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'Man Of La Mancha' Playwright Passes Away - Broadcasting & Cable

'Man Of La Mancha' Playwright Passes Away

Dale Wasserman cut his teeth writing television dramas in the medium's infancy.
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Dale Wasserman, 94, the playwright who penned Man Of La Mancha and stage play One Flew Over the Cuckoo's Nest but cut his teeth on TV drama in medium’s infancy, died Dec. 21 in Paradise Valley. Arizona.

The news was not reported until after Christmas. According to a longtime associate, that was because Wasserman's widow, Martha Nelly, was honoring his wishes that if anything should happen before Dec. 25, she should hold off relaying the news so as not to spoil anyone's holiday.

By his own account, Wasserman wrote some 40 teleplays in addition to a dozen stage plays and 15 films.

His first TV drama, Elisha and the Long Knives, was for NBC's Matinee Theater in 1955. The series won an Emmy that year for best daytime program. It was his TV script for I, Don Quixote which he transformed into the Broadway hit, Man Of La Mancha.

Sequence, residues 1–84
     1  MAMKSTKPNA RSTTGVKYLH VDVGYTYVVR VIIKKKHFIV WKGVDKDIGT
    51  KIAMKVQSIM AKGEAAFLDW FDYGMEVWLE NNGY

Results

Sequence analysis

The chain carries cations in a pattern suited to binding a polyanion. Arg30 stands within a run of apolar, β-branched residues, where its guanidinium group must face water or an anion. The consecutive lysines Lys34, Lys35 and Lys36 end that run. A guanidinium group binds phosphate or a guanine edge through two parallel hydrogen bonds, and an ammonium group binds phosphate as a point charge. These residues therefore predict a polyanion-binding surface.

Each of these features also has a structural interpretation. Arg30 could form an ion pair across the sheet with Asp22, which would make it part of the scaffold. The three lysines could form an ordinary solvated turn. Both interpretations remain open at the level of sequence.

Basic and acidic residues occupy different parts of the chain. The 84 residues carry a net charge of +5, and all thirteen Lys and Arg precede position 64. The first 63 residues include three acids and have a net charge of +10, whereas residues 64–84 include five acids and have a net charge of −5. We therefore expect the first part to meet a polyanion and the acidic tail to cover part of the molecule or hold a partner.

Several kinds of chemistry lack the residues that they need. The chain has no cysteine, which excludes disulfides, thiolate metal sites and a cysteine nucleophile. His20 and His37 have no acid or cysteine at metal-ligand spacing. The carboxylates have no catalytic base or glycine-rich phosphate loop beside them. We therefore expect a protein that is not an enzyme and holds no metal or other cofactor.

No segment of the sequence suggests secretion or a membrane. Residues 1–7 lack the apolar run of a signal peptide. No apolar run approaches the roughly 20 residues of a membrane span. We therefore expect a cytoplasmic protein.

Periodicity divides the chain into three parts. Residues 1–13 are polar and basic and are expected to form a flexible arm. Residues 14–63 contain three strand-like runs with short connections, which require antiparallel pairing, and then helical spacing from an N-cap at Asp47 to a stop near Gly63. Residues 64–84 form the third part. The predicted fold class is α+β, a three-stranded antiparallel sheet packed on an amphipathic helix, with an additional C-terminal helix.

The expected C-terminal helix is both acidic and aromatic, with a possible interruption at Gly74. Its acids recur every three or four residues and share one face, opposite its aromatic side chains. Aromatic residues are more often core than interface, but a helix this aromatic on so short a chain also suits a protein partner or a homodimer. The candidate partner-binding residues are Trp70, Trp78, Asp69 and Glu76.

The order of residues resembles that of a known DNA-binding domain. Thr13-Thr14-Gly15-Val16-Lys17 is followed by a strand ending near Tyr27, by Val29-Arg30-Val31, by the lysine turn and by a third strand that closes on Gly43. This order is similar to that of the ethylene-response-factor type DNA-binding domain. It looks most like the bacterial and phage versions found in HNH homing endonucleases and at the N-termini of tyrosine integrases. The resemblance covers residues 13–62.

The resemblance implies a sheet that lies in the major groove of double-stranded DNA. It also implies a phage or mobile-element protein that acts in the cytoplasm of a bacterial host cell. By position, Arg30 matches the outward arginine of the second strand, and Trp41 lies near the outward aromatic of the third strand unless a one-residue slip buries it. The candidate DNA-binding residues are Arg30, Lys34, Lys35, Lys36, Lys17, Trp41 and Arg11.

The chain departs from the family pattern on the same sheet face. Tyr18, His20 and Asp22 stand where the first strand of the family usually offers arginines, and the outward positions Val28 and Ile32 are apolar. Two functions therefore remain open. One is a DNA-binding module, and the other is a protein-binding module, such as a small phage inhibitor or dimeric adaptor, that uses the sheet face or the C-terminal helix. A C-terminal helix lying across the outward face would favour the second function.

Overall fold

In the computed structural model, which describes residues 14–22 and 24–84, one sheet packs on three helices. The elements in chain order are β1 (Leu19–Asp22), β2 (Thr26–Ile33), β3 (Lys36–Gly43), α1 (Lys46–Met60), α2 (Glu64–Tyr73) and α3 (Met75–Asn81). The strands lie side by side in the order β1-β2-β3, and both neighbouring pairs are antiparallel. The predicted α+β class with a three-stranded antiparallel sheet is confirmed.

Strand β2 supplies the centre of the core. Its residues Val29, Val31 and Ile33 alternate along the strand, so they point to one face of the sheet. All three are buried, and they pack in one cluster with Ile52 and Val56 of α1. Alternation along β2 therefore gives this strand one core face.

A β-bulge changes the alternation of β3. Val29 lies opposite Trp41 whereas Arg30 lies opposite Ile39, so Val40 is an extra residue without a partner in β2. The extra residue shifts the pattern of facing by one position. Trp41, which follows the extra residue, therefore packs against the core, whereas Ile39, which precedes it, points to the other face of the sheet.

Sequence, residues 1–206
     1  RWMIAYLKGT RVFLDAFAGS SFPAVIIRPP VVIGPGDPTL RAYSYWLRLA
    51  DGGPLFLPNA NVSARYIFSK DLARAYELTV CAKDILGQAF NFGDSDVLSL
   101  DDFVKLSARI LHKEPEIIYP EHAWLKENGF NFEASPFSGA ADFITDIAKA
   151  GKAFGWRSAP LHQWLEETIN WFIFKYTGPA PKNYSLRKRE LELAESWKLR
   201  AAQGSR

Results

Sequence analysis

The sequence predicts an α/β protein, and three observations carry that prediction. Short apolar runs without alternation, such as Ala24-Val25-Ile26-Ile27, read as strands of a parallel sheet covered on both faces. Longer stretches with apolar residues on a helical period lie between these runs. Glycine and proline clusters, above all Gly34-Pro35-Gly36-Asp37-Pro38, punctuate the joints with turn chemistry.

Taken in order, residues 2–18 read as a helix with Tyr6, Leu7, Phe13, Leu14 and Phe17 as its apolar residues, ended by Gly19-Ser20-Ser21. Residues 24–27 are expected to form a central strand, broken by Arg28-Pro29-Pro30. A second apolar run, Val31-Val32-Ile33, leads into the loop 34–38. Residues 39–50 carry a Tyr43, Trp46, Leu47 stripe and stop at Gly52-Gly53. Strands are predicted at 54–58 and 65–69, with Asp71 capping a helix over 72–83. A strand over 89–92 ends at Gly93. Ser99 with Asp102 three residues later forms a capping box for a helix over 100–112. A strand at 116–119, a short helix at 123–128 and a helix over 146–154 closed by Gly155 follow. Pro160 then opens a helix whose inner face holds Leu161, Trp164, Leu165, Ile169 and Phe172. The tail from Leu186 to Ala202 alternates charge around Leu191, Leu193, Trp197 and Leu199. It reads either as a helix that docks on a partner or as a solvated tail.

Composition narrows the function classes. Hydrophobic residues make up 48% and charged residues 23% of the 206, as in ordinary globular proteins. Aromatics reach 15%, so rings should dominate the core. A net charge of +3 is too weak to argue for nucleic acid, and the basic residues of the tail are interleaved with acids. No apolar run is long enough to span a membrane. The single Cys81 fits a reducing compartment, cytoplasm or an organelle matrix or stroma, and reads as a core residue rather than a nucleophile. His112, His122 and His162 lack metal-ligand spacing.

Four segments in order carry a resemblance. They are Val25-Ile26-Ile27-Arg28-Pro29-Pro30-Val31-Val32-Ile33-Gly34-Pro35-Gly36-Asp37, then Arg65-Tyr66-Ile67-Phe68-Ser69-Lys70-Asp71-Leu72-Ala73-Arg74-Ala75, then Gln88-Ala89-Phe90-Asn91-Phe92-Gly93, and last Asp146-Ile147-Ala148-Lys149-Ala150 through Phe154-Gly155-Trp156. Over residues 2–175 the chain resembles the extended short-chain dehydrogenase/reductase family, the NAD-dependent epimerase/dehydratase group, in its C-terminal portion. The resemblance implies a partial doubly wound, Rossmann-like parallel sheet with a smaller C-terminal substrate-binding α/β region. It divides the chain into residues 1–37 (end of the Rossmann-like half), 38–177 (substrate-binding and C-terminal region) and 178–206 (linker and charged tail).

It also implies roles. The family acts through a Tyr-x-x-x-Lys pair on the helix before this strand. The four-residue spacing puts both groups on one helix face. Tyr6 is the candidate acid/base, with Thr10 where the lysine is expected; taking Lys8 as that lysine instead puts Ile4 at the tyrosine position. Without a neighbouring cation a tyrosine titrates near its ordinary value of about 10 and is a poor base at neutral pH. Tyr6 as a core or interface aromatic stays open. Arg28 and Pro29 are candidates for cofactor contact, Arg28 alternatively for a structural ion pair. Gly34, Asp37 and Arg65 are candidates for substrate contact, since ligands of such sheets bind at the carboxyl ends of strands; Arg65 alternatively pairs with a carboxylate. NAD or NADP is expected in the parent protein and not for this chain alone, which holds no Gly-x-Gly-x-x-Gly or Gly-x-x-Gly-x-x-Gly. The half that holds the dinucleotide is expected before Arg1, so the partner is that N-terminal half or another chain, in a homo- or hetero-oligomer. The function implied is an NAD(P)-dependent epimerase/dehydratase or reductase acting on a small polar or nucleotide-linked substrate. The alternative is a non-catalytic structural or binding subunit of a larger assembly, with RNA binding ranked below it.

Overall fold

His other TV works included Engineer of Death, about Adolph Eichmann, and The Lincoln Murder Case, which told the story as a murder mystery.

Wasserman's fictional heroes were often outcasts, a role he cast himself in as well. On his Web site, he claims to have chosen to live in Arizona because "it's the one State which refuses to adopt Daylight Saving Time."

Wasserman was born in a Ukrainian logging camp in Wisconsin on Nov. 2, 1914. Orphaned at a young age, he rode the rails, "graduating as a Hobo cum laude,' he once said, before drifting into theater.

Beatrice Williams-Rude contributed to this obituary.

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